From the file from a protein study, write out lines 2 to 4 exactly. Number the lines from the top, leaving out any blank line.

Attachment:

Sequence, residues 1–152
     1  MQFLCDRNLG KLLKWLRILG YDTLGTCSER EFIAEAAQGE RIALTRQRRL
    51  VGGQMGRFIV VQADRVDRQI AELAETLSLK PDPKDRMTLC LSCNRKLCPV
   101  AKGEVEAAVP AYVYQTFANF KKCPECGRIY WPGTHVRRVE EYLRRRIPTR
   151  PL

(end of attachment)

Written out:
     1  MQFLCDRNLG KLLKWLRILG YDTLGTCSER EFIAEAAQGE RIALTRQRRL
    51  VGGQMGRFIV VQADRVDRQI AELAETLSLK PDPKDRMTLC LSCNRKLCPV
   101  AKGEVEAAVP AYVYQTFANF KKCPECGRIY WPGTHVRRVE EYLRRRIPTR